“I realised five years ago that I was never going to end up rich from music.” John Bramwell talks to Northern Soul
After three years of travelling the highways and byways, John Bramwell has released his long-awaited debut solo studio album, Leave Alone the Empty Spaces. It comprises a collection of songs, all of which have been road-tested after Bramwell performed at more than 300 solo gigs across the UK and Europe.
Readying the release has been a labour of love for the musician, not least because the solo nature of the project extends to the myriad administrative aspects. In effect, Bramwell is his own label (with the help of a few trusted hands); when I phone to discuss the album, Bramwell is in the post office sending out CDs to fans. Another trip is in the offing.
“I have another 500 to sign of the vinyl,” he tells me. “I think that’s a bottle of wine job. A bottle of wine and three good films. What a terrible hardship. I think I’ll be able to manage it.”
Not that Bramwell is frustrated with his lot. Once he’d returned from the shops, he sounded positive and upbeat about the release, and that positivity comes through the recordings. If an album of songs inspired by the road fills you with dread, fear not, Bramwell’s collection has a sunnier outlook than the usual gripes about pampered rock stars moaning about travelling from hotel to enormodome. This is something real and organic, as you would expect from a premier songsmith.
“I did my Live at the Trades album and I have been booking my own gigs for the last three years. I just went around without making a big deal. I wanted to see how many people would come to see me on spec.”
Live at the Trades sold more than 2,000 copies and has, in part, funded the new album. he has also saved money by booking his own gigs.
The very nature of the recording is homespun (literally) with Bramwell’s home and garage among the places where he recorded the new music. The garage is everything that you would expect it to be, as he explains: “It’s got the tumble dryer and the girlfriend’s motorbike. I’ve even got a portable gas heater. If I am going to record in there, I get the heater on for half an hour and then I turn it off and then I am fine. I feel slightly eccentric doing it that way.”
Times Arrow, released last year as a single, is a song recorded in this manner, using Garageband. The album was mastered at Airtight Studios in Chorlton. This new way of doing things has added to the spontaneity of the record, and he says that problems with his new album are no different to being signed to a record label, as he was with the band I Am Kloot.
“Sometimes I would be signed to a label and the one after I would be doing the licensing deal, the one after that we would be doing it ourselves so we never had much stability. Did we have a five-album deal contract? I don’t think we did. The first time I was on a record label they went into liquidation. We’ve [I Am Kloot] been well known, but not massive not enough to kick back.”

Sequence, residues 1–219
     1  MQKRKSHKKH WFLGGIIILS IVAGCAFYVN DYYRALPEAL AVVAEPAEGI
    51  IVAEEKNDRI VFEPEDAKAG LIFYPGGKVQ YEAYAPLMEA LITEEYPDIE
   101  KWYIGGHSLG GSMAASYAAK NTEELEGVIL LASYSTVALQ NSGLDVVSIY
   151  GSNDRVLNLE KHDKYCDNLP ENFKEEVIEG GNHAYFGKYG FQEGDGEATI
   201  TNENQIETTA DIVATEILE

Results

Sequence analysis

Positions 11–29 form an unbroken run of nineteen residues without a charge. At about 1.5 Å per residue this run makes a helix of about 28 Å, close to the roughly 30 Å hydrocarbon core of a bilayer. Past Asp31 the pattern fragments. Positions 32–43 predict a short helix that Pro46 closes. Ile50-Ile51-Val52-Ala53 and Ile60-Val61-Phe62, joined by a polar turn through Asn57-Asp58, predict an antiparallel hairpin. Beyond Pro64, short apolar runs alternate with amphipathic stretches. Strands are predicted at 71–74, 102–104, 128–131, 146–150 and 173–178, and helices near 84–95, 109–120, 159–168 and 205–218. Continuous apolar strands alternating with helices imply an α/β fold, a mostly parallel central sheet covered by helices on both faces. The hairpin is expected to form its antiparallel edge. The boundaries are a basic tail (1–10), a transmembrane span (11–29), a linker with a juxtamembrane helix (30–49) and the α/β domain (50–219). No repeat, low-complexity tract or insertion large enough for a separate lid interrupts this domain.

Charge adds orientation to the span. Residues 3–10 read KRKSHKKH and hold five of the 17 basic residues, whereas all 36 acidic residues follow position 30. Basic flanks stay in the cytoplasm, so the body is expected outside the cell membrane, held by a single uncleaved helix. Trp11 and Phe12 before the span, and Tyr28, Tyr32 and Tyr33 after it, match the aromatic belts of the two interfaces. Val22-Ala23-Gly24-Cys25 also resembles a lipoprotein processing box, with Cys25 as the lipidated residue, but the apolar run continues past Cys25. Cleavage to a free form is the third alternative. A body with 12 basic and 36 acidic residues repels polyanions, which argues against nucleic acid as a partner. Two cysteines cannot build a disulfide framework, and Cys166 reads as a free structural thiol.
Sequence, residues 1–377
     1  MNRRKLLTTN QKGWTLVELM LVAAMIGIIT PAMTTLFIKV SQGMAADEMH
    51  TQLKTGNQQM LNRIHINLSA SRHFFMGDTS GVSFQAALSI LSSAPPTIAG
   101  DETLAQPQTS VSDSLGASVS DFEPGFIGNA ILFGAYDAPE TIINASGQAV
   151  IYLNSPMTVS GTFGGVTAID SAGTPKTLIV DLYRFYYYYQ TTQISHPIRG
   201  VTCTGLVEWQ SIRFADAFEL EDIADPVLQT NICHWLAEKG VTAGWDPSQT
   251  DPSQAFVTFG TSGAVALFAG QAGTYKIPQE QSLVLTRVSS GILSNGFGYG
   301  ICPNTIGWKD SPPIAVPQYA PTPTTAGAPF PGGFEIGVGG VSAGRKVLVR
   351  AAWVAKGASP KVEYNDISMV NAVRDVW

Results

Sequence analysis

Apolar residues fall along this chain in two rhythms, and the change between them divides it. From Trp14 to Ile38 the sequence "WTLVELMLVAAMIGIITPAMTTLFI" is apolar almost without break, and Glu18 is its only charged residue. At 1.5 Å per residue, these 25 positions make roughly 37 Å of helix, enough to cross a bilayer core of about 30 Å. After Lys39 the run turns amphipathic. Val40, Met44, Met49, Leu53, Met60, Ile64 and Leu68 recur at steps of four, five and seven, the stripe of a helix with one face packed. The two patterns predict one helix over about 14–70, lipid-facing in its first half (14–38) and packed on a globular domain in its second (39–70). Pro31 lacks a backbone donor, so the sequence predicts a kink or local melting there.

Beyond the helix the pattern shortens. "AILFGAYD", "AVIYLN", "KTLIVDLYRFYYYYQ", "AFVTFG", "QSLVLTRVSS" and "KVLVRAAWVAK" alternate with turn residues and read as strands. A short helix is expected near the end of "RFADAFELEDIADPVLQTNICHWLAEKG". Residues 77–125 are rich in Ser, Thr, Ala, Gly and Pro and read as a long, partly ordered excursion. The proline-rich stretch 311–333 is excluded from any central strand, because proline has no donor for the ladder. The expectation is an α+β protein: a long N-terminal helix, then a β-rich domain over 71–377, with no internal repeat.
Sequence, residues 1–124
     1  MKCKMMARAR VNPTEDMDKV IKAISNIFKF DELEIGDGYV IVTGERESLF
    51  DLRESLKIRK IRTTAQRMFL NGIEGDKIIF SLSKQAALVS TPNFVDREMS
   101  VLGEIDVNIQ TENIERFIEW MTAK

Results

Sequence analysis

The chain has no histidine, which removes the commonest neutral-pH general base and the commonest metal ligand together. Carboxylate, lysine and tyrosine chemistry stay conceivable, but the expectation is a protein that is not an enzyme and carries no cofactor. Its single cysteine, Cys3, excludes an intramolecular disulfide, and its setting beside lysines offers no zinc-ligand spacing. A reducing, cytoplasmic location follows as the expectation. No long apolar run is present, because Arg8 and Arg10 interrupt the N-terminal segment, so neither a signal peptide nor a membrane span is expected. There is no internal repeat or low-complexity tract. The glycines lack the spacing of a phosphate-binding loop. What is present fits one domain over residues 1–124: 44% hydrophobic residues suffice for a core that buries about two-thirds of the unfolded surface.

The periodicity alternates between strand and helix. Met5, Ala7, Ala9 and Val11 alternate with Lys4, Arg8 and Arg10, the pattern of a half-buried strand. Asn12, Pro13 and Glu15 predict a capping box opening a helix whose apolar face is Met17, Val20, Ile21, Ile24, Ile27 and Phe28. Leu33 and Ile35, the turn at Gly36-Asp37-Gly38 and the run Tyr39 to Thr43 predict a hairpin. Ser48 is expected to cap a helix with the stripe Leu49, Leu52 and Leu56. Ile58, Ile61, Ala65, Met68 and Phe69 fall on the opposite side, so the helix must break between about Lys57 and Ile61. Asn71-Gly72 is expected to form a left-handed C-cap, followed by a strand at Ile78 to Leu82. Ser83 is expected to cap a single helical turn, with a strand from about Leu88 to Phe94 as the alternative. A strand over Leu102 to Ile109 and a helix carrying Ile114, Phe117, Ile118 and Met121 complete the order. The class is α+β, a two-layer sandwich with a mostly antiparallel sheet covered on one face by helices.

Bramwell’s new strategy has extended to touring. The new album was inspired by his travels in his camper-van with his dog Henry, although he is at pains to stress that the rumour of it being a VW is way off the mark.
“Somewhere that’s got changed to a VW. They’re too right on for me, they’re for very rich sociology teachers. I can’t afford a VW and they are bloody too slow and unreliable. I’ve got an old Mercedes Sprinter and my mate has put in a cooker and a bed in it. He’s done a really good job actually. It’s got a bit of rust on it, but it does the job.”
He adds: “I’ve been playing and singing for a long time in my life and I have never actually done it this way. It is really good. I realised about five years ago that I was never going to end up rich from music. If I was going to be, it would have happened by now. My attitude is to take what’s good from it. And what’s good from it is to make the time your own. And make the gig your own. With the van my dog comes with me. We have a laugh. It’s not the kind of getting back to the hotel at 3am stuff any more, which is great.”
Bramwell’s forthcoming tour sees him joined on the road by several supporting musicians. Those who attended the excellent Royal Northern Collage of Music gig last November will be familiar with how these concerts unfold.
“I’ll have Piano, Dave on bass, Andy on Cajon and harmonies. I don’t know about the pedal steel and the cello. It’s just about getting everybody on the road. There’s four of us definitely. There might a few additions along the way.”
It’s good to see Dave Fidler accompanying Bramwell again as he’s been a welcome mainstay on the solo gigs. There’s obviously a rapport between the pair, with Bramwell often joking that when he plays live, he’s going to pack Fidler off because of his good looks and abundant talent.
“I saw Dave at the Manchester Food and Drink Festival about five years back. I just thought ‘wow, this guy is brilliant” and he was doing cover versions. I said to my girlfriend, ‘I bet his songs are great’. I booked him to support me and they were.”
Not only is Bramwell readying the new collection of songs, there’s also a live album due for release. This brings together tunes from last year’s Manchester and London gigs. There’s also the promise of more new material in the near future. “When I have been going around raising money for gigs I didn’t stop writing. The next album will be out January 2019.”
Photos by Chris Payne
Leave Alone the Empty Spaces is available to buy now. There are a string of live dates starting on November 15 at the Pocklington Arts Centre, culminating with a homecoming gig on December 15, 2017 at the Royal Northern College of Music in Manchester.
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